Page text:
Social and Liberal Democrats leadership election, 1988

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Social and Liberal Democrats leadership election
United Kingdom
28 July 1988 (1988-07-28) → 1999

  ASHDOWN Paddy.jpg Alan Beith MP Liverpool.jpg
Candidate Paddy Ashdown Alan Beith
Votes Received 41,401 16,202
Percentage 72 28

Leader before election

David Steel, Robert Maclennan

Elected Leader

Paddy Ashdown

The 1988 Social and Liberal Democrats leadership election was called in the United Kingdom following the formation of the then Social and Liberal Democrats (later shortening their name to "Liberal Democrats"). It was intended to replace the two interim leaders, David Steel and Robert Maclennan, with a single figurehead better able to represent both the former members of the Liberal Party and of the Social Democratic Party.

There were two candidates and all members of the party were balloted using the Alternative Vote preference system. The election was won by Paddy Ashdown, who served as leader until his stepping down in 1999. The campaign occurred in a party which was still coping with the merger and saw a vituperative attack on Ashdown in a letter written by Alex Carlile, a Beith-supporting MP.[1]

Leadership campaign[edit]

Merger and After[edit]

The build-up to the leadership campaign began as soon as the party was formally merged in March 1988 — David Steel had made it clear that he did not want to continue as leader after the struggles of the Alliance days, and David Owen had gone off into his own wilderness. At that stage in the party’s development, there were still serious divisions between former Liberals and former SDP members.

Potential candidates for the leadership were identified almost immediately. Paddy Ashdown was already well known in the party before hebecame an MP in 1983, mainly as a result of the Youth Charter he formulated as a result of his experience of working with unemployed youngsters. His unusual background (for a Liberal) as a soldier and diplomat also attracted attention. Once elected, he quickly made aname for himself as someone who was not scared to say what he thought, frequently got into trouble as a result of indiscreet conversations with the press, and displayed boundless, indefatigable energy. He was widely recognised within and outwith the party as someone to keep a (wary) eye on.

Alan Beith was a complete contrast — a quiet Methodist lay-preacher, he embodied traditional Liberal values and beliefs and was seen as someone who would guard the Liberals’ political integrity. He was also a very strong Parliamentary performer. Other potential candidates talked about within the party and mentioned by the press and media were Russell Johnston, Malcolm Bruce and Robert Maclennan, briefly leader of the SDP at the time of merger. In the end, however, they all decided not to stand and Bruce became Chair of Ashdown’s campaign. David Steel, as outgoing Liberal leader, and Jim Wallace, as Chief Whip, stayed strictly neutral throughout the campaign.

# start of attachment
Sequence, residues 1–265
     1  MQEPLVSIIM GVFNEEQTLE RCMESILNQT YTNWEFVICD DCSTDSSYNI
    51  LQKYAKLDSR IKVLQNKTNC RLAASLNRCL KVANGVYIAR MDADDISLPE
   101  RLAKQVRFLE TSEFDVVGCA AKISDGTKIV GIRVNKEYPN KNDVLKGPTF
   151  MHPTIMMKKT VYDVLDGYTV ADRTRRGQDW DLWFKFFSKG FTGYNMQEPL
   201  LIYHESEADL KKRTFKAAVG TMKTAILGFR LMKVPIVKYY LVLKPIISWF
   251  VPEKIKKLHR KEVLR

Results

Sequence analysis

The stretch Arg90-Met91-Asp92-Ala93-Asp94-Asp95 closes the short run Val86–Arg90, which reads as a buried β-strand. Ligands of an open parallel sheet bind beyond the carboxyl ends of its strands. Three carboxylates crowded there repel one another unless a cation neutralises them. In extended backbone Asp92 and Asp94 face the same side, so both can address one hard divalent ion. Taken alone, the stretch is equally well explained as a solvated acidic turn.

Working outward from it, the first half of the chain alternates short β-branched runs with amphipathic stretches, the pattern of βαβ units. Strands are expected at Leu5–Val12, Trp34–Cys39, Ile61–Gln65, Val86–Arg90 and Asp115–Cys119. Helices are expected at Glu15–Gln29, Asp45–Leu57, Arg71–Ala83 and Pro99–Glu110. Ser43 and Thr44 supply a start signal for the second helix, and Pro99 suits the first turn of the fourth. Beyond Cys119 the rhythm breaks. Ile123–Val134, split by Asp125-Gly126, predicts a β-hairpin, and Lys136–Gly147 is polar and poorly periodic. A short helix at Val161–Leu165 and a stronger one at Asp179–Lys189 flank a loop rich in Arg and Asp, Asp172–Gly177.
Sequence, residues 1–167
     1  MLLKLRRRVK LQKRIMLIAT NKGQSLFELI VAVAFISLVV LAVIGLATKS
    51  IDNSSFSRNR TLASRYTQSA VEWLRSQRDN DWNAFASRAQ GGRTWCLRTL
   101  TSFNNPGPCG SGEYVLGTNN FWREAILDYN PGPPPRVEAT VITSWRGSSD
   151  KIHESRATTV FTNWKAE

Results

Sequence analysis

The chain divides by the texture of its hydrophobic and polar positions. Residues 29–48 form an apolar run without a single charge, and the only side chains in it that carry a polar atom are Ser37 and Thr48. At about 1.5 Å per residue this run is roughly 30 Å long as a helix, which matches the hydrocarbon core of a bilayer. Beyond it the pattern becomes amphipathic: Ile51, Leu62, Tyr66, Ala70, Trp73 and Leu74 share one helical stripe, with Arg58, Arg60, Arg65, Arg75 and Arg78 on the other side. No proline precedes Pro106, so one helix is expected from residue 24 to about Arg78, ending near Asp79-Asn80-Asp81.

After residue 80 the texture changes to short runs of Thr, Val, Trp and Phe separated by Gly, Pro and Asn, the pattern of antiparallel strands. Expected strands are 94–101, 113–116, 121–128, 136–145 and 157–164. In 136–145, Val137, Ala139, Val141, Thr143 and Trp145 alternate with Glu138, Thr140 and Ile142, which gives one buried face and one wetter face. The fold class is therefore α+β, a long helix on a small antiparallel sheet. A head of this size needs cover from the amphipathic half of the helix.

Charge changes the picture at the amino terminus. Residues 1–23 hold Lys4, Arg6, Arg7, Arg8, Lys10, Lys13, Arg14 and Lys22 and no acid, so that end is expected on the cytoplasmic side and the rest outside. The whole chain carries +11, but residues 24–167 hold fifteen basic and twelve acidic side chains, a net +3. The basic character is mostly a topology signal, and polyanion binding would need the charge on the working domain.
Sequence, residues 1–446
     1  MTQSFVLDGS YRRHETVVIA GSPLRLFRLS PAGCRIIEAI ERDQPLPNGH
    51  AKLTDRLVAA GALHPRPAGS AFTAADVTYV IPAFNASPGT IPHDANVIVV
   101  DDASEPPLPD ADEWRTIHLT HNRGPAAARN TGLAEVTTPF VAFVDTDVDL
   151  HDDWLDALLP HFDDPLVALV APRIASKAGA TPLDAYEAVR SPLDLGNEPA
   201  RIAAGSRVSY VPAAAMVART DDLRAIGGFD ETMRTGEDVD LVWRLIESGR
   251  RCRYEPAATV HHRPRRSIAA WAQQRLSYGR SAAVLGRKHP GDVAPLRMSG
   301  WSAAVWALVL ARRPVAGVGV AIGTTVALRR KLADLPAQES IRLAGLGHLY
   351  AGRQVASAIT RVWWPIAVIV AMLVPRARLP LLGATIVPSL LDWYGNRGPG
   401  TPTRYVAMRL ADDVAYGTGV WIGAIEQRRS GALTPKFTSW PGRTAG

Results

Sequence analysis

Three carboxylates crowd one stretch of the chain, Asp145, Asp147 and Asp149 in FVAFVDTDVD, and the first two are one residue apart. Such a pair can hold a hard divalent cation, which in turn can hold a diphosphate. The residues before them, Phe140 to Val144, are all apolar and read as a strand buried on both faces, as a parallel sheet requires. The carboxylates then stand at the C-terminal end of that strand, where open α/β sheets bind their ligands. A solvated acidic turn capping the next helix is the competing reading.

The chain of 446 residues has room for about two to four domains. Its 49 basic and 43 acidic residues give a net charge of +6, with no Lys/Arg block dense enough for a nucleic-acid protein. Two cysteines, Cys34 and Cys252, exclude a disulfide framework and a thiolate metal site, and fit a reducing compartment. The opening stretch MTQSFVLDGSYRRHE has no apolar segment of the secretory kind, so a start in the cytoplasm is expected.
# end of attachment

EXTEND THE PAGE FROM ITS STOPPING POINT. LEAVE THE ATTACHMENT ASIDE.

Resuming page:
The election was an all-member ballot using the alternative vote system. This was a unique method for electing a leader among the major political parties in the UK. In both the Labour and Conservative parties, leaders were (and still are) elected by MPs and other sections of the party using electoral colleges,and in the case of the Conservatives, a complicated series of ballots. The one-member one-vote system of election used in the Liberal Democrats’ 1988leadership election attracted considerable attention from the press because of this.

As with the 1999 election, there was an artificial ‘cold war’ period before the serious election period started, but as there was no moratorium on campaigning before the official campaign, the period was used for intensive behind-the-scenes negotiations with potential supporters. Because of the recent merger, it was seen as essential for leadership candidates to have support from ex-SDP members as well as ex-Liberals. Both teams also spent their time planning their press and media strategies, the timetable for keynote speeches and hustings, and general publicity.

Just before the real contest started, Alan Beith’s campaign got off to an unfortunate start when one of his supporters — reputedly Alex Carlile released a list of fifteen reasons why Ashdown was not fit to be elected. Beith eventually condemned the letter after intervention from David Steel and other senior party members, but the move had introduced a sour note.

Candidates[edit]

At the close of nominations on the 24 June 1988, the following had been successfully nominated.

Paddy Ashdown[edit]

Supporters included:

Alan Beith[edit]

Supporters included:

Results[edit]

Candidate Votes  %
Paddy Ashdown 41,401 71
Alan Beith 16,202 29
Turnout 57,790 71.9

References[edit]